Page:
HIV/AIDS and the forest sector

In the forest sector there are three clear interfaces with the HIV/AIDS pandemic:

  • the role of trees, natural woodlands, forests and agroforestry in production systems severely affected by HIV /AIDS;
  • deaths in the cadre of foresters, including all skilled labourers, tree fellers, machine drivers, mechanics, foremen, etc.;
  • transfer of knowledge to the next generation.

Natural miombo woodlands and farmlands, northern Malawi. Such resources can be vital to the health and survival of communities affected by the AIDS pandemic. (Photo: C. Holding Anyonge)

FAO recognizes that the most important issue is to deal with the medical and health emergencies created by the HIV/AIDS pandemic through creation of public awareness programmes aimed at preventing further spread of the disease. Although this aspect of HIV/AIDS mitigation is outside the scope of agriculture and forestry departments, all sectors of society have a role in assisting and planning for the alleviation of the impact of this disease, both in the immediate and longer term.

The mandate of FAO is to address food security and poverty alleviation. The HIV/AIDS pandemic cuts right to the core of this mandate, particularly on the African continent. The FAO Forestry Department is therefore well placed to contribute to the mitigation of HIV/AIDS in the forest sector. Mitigation and response should be considered at national (strategic policy and planning), institutional (forestry department staff and workers; tertiary education; research and extension services) and local (villages and households) levels.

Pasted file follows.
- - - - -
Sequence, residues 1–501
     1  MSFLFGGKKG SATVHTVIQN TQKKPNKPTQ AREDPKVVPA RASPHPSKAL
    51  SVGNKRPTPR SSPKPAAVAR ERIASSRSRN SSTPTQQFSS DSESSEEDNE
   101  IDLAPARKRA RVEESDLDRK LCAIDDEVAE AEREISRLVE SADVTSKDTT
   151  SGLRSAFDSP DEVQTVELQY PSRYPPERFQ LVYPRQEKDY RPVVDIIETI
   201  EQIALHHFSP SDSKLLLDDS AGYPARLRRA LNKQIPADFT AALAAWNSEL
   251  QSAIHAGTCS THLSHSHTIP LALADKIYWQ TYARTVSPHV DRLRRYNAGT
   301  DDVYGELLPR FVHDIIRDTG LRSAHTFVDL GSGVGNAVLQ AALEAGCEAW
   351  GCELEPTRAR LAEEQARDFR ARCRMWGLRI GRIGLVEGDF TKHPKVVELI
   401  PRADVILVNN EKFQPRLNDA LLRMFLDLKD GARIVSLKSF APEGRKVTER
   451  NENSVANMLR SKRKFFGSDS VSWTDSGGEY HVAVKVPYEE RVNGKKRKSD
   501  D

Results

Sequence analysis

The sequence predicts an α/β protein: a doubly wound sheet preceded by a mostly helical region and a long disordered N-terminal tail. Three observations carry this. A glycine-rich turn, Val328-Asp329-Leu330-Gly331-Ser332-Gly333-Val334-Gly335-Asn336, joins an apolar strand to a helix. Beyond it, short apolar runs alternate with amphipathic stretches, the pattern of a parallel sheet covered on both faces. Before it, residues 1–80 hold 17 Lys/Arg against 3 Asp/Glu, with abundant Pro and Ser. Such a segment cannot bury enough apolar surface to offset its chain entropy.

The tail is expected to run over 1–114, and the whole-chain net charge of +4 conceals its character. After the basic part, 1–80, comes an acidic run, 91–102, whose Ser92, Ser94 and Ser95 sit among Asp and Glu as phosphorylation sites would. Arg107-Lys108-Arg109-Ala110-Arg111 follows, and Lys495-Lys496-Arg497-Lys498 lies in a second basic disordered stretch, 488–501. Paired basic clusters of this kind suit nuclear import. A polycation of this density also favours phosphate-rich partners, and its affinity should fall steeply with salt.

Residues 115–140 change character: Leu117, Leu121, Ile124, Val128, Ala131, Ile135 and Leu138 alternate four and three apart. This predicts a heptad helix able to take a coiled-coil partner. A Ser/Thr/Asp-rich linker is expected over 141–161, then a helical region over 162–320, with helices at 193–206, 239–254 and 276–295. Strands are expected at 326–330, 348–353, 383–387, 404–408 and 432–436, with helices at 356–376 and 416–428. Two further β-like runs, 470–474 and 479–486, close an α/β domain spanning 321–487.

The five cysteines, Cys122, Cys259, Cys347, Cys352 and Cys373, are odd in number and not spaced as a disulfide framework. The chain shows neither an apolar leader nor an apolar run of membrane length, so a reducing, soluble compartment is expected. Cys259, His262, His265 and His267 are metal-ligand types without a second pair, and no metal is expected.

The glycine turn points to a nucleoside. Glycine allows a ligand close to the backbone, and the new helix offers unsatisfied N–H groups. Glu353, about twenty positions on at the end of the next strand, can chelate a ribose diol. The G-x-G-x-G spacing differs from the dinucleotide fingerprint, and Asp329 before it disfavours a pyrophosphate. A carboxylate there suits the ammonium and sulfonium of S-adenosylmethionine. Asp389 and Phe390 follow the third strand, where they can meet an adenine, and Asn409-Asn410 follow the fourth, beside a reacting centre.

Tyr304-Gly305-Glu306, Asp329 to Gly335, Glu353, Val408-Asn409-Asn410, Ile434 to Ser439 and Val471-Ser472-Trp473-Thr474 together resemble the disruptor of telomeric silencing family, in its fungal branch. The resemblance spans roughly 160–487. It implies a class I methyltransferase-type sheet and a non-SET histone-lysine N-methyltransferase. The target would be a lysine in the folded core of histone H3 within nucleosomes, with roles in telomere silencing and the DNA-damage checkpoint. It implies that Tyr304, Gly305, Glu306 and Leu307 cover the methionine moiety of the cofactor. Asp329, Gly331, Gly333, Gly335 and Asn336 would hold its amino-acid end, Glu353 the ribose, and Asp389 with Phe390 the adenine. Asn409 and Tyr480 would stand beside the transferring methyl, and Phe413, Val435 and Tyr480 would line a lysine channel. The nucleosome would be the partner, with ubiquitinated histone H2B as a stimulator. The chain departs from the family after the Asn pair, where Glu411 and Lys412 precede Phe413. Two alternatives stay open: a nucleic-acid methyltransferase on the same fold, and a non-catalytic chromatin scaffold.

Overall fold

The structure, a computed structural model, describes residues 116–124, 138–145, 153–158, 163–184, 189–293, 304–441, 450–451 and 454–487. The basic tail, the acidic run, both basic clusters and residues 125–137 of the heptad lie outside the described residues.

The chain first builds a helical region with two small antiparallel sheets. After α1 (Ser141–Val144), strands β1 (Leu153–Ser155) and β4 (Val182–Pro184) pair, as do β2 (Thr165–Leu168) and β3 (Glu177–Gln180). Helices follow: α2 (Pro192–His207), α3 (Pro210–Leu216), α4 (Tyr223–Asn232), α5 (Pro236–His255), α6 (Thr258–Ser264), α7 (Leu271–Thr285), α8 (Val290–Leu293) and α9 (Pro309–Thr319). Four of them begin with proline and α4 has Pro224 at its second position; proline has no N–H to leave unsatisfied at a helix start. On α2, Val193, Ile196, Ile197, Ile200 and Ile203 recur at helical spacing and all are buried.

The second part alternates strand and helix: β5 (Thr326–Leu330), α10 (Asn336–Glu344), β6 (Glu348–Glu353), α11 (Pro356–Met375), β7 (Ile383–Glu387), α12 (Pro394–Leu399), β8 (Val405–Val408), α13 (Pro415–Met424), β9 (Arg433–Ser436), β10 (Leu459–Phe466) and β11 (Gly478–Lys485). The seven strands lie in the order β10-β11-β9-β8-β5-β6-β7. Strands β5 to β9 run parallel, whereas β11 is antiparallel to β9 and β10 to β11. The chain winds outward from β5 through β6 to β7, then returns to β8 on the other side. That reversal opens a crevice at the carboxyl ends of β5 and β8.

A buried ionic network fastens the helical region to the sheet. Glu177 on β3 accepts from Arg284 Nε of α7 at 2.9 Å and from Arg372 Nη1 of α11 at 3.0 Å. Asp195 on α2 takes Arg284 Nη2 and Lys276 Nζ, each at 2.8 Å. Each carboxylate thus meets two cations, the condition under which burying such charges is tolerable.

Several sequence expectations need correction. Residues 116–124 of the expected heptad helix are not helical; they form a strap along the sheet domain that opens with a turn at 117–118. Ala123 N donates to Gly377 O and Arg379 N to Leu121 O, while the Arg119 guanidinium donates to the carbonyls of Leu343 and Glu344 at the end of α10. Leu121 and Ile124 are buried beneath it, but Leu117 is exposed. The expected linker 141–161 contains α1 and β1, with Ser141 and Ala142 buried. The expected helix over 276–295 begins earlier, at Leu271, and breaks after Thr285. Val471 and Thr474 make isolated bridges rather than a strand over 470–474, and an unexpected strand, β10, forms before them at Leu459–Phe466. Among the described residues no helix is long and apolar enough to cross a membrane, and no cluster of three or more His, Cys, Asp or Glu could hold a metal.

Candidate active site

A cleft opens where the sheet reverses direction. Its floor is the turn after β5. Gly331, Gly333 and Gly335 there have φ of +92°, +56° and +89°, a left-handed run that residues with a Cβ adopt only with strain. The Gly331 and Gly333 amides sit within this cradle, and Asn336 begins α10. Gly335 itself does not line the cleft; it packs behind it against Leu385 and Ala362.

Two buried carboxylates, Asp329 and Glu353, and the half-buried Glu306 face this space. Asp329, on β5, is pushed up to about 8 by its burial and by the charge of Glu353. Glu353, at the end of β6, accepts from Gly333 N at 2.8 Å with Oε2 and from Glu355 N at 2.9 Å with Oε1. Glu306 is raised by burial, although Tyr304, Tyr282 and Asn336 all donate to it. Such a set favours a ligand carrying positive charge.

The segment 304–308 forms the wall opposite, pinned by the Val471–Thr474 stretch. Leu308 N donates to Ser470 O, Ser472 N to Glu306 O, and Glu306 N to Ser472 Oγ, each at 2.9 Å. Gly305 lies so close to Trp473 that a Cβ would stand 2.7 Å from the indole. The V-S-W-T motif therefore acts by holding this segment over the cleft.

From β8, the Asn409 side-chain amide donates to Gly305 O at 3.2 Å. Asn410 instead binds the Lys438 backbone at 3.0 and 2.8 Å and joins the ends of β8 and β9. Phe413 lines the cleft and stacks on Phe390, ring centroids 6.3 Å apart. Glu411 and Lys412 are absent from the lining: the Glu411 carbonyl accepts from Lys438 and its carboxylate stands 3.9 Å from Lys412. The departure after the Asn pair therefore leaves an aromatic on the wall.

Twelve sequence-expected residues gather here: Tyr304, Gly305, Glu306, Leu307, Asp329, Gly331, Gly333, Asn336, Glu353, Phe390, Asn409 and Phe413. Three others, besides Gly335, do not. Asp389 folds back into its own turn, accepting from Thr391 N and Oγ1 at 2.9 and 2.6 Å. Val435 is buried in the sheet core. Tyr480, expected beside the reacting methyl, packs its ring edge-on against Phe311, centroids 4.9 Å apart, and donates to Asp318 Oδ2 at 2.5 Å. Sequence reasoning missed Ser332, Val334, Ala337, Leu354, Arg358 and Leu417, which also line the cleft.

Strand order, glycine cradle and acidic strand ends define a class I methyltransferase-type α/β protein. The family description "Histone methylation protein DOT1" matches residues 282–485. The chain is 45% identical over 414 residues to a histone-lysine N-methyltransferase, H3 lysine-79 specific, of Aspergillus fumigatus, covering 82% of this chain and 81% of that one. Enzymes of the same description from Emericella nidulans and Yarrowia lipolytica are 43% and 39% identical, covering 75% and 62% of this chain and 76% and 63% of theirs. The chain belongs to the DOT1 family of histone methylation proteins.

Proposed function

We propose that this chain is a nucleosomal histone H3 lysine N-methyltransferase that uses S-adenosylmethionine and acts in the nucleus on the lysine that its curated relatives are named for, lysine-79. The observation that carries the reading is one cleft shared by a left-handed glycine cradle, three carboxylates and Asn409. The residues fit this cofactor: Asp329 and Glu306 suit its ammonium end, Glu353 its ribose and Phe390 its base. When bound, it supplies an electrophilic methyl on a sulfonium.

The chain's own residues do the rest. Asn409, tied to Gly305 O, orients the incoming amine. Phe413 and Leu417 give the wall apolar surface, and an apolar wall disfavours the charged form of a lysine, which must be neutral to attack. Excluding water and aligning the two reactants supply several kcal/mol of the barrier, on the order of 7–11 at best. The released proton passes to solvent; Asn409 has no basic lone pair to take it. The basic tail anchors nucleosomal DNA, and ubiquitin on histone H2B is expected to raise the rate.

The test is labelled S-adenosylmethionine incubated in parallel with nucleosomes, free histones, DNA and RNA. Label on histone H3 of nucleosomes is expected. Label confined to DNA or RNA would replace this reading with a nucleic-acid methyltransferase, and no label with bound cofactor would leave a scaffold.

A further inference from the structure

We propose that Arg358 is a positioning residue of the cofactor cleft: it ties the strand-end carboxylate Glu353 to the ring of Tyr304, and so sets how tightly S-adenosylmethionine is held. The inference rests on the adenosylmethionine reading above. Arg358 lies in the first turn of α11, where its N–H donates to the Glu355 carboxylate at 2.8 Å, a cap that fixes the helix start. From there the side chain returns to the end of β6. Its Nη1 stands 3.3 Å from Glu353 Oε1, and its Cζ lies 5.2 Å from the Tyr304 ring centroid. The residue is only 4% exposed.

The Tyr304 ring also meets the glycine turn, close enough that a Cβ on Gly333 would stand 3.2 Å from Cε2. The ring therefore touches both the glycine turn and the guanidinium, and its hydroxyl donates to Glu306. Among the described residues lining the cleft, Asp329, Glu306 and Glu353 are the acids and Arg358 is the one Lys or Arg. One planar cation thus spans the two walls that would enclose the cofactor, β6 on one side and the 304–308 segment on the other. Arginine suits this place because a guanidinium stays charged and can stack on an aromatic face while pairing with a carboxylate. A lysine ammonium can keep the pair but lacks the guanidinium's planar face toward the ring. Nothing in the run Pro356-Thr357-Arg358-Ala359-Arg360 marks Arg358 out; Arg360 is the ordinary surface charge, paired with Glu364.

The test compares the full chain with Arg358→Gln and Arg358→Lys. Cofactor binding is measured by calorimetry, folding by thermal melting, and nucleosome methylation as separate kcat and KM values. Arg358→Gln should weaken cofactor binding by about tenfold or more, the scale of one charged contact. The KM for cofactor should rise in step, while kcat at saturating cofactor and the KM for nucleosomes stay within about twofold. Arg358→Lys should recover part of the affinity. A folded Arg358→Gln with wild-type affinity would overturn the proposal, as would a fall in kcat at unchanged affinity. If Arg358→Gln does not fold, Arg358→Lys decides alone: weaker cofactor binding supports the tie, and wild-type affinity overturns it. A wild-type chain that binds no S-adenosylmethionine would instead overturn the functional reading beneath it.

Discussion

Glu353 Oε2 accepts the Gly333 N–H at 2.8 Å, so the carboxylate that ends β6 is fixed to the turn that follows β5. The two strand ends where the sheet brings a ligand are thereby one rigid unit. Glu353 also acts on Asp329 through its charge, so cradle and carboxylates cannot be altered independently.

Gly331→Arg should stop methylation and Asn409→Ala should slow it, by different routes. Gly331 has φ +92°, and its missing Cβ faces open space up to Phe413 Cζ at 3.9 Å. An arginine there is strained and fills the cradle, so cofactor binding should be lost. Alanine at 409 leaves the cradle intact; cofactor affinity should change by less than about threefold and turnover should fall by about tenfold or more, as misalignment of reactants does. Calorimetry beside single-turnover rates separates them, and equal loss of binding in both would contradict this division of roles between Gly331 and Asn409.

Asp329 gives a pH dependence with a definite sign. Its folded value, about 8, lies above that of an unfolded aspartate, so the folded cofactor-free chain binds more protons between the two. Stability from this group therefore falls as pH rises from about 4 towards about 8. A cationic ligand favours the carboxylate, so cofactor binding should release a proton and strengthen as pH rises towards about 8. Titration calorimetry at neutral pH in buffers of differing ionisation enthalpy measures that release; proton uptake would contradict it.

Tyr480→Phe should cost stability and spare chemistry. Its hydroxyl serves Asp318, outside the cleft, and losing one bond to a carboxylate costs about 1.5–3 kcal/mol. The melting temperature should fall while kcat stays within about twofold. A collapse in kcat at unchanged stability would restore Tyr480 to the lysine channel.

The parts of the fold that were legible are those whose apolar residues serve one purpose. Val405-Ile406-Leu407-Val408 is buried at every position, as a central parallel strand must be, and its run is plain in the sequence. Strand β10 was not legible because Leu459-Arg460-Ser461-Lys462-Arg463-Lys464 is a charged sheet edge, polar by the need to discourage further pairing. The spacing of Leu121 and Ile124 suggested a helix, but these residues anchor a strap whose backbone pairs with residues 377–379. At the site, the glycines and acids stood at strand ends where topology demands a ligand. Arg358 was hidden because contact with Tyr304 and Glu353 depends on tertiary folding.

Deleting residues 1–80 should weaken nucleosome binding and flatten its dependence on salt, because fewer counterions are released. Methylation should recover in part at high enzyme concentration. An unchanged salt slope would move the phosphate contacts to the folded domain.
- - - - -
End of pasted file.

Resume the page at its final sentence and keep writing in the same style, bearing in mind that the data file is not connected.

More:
The forest sector can have a role in mitigating the impact of AIDS in the following ways:

  • by enhancing short-term agricultural productivity;
  • by enhancing longer-term agricultural productivity;
  • developing education and human resource development strategies in extension and forest services (forestry training and education);
  • through transfer of skills from one generation to the next;
  • by carrying out outlook studies on the impact of HIV/AIDS on the forest sector and develop policy and decision support tools.

last updated:  Tuesday, April 20, 2004